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India: Education Institutions
Country Study > Chapter 6 > Character and Structure of the Economy > Science and Technology > Major Research Organizations > Education Institutions


The Indian Institute of Science is a university-level organization that has contributed much to Bangalore's development as a technology capital. The institute was founded in 1909 on land in Bangalore donated by the maharajah of Mysore, using an endowment provided by one of the major benefactors of modern Indian science, Jamsetji Nusserwanji (J.N.) Tata, for the development of experimental science. Before independence and for some years after independence, the institute had a primarily British and British-trained faculty committed to raising India's scientific levels. In 1956 the institute was given university status.

The Indian Institute of Science has more than forty departments, centers, laboratories, and education programs organized for the study of biological, chemical, electrical, mathematical, mechanical, and physical sciences. It also has a major library, the National Centre for Science Information, and a fee-based Centre for Scientific and Industrial Consultancy.

The Indian Academy of Sciences is also located in Bangalore. The academy was founded by C.V. Raman in 1934 "to promote the progress and uphold the cause of science, both in the pure and applied branches." Although the academy is not a research institute, it provides scholarships and fellowships, publishes research results, and bestows honors on deserving scientists, both Indian and foreign. The academy is half funded by the Department of Science and Technology, and the remainder of the budget is met through subscriptions to its publications. Raman also founded the Raman Research Institute in 1948 as an independent, private science laboratory at which he and others continued to conduct ground-breaking research on the campus of the Indian Institute of Science.

The Indian Institute of Technology (IIT) is a university-level entity providing undergraduate and graduate education in engineering and technology. The five autonomous IIT campuses listed in order of their founding, are located in Kharagpur (West Bengal; 1950), Bombay (1958), Madras (1959), Kanpur (Uttar Pradesh; 1960), and New Delhi (1961). The IIT system was founded by the central government in 1950 and raised to an "institution of national importance" by Parliament by means of the Indian Institute of Technology Act of 1956 and its subsequent amendments. Besides receiving central government support in the early years, IIT received assistance from West Germany, the Soviet Union, Britain, the United Nations Educational, Scientific, and Cultural Organization (UNESCO), and the United States. Instructional and research departments range from agricultural engineering to aeronautical engineering and from earth sciences and postharvest technology to naval architecture and ocean engineering. To round out students' education, the IIT system also offers humanities and social science courses. For example, the Madras campus of IIT teaches economics, history, English, psychology, and business at the undergraduate level in support of other departments and at the graduate level leading to a master's degree in industrial management. While each campus has departments in the basic physical sciences, there are unique departments and specializations at each of the five sites. Admission to IIT is highly competitive; some 100,000 applicants take placement examinations for 2,000 student positions each year.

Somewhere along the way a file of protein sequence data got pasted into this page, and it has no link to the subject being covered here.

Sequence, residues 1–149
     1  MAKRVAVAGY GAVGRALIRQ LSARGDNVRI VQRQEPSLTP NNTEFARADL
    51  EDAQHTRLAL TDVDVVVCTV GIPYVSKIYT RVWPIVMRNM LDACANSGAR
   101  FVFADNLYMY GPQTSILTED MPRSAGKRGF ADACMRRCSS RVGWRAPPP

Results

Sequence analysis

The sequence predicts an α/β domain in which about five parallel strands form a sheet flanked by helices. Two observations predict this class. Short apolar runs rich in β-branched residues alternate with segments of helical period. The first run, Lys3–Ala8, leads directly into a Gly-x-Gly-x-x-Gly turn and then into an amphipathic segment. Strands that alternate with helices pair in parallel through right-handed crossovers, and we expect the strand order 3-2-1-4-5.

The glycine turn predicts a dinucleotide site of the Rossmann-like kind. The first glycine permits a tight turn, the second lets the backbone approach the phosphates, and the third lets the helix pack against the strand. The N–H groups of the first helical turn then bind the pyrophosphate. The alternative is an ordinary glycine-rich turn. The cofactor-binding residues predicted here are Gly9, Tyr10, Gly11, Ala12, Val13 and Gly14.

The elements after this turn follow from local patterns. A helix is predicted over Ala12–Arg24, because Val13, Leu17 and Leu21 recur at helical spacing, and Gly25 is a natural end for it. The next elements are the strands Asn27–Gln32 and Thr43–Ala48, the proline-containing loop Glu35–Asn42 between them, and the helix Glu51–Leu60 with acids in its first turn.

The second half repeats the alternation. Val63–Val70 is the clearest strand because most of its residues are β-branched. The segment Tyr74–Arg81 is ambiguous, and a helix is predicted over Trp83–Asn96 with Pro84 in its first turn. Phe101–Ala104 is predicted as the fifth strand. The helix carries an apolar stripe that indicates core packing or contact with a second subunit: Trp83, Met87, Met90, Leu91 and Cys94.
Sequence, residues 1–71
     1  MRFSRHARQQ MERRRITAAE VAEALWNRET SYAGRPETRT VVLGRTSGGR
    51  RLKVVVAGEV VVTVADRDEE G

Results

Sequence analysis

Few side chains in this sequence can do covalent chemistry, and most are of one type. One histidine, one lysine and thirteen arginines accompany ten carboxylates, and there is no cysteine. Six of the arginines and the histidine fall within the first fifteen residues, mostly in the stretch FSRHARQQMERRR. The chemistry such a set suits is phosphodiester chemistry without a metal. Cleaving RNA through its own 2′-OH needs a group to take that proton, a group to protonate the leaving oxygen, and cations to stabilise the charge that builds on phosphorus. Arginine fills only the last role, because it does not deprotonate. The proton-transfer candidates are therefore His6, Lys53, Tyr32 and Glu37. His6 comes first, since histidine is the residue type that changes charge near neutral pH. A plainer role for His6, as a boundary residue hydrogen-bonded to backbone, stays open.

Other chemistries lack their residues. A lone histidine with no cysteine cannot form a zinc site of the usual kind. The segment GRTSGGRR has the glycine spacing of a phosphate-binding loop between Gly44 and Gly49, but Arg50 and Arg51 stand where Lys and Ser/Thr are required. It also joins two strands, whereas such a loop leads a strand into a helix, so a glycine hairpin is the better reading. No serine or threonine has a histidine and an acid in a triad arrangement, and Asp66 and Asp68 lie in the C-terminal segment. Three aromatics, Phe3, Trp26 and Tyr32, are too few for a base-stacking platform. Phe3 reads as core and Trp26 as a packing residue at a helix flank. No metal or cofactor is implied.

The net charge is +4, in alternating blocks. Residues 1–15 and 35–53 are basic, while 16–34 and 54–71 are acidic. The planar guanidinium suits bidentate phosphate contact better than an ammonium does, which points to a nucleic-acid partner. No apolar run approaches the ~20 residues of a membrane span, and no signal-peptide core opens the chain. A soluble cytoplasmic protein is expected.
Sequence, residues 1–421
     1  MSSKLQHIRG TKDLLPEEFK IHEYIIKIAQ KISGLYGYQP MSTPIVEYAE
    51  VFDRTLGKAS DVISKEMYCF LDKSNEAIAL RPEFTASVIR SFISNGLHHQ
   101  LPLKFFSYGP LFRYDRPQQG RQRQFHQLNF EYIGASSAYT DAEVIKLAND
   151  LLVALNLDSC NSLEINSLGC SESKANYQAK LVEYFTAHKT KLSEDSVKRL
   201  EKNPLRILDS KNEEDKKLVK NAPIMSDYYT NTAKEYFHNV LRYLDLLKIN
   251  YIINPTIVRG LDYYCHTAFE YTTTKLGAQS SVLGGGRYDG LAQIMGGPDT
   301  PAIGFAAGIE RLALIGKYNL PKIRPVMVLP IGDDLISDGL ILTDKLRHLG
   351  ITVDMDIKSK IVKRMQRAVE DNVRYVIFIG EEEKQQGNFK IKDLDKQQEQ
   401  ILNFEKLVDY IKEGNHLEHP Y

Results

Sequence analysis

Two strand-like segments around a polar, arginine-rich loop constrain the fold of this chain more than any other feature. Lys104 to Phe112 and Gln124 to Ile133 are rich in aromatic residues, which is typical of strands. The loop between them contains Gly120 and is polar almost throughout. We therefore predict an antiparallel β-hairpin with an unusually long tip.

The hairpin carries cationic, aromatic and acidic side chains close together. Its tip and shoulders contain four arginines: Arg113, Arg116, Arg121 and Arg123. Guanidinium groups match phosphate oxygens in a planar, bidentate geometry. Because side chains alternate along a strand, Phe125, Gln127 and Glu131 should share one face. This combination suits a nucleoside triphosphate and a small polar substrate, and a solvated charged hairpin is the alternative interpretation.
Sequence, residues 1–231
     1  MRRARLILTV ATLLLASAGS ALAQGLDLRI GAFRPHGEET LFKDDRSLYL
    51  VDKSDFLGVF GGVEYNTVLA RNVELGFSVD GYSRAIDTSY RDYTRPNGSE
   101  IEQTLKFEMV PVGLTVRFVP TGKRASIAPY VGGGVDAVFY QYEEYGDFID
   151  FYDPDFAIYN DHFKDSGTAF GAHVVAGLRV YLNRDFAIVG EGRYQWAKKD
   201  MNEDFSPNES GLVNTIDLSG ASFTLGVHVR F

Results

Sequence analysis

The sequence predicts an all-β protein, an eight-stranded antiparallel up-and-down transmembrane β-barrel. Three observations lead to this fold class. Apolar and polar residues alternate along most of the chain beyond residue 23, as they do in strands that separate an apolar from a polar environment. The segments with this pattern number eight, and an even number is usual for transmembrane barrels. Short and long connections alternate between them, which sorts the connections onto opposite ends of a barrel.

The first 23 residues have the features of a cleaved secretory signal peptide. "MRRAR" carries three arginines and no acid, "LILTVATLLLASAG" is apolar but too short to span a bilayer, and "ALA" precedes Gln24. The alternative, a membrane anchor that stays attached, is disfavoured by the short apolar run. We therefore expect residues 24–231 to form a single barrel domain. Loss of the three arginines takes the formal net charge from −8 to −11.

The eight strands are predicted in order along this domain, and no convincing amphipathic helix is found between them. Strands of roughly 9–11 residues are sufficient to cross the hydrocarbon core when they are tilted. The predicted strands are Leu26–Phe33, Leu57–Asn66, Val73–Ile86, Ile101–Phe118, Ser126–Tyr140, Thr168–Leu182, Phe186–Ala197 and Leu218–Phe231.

Although most important research is done in government- and industry-sponsored laboratories, several universities, in addition to the Indian Institute of Science and the five IIT campuses, are involved in significant research. Those with notable science programs are Delhi University, Benares Hindu University in Varanasi, Uttar Pradesh, Aligarh Muslim University in Aligarh, Uttar Pradesh, and Shanti Niketan University in Shanti Niketan, West Bengal.

Last Updated: September 1995

Editor's Note: Country Studies included here were published between 1988 and 1998. The Country study for India was first published in 1995. Where available, the data has been updated through 2008. The date at the bottom of each section will indicate the time period of the data. Information on some countries may no longer be up to date. See the "Research Completed" date at the beginning of each study on the Title Page or the "Data as of" date at the end of each section of text. This information is included due to its comprehensiveness and for historical purposes.

Note that current information from the CIA World Factbook, U.S. Department of State Background Notes, Australia's Department of Foreign Affairs and Trade Country Briefs, the UK's Foreign and Commonwealth Office's Country Profiles, and the World Bank can be found on

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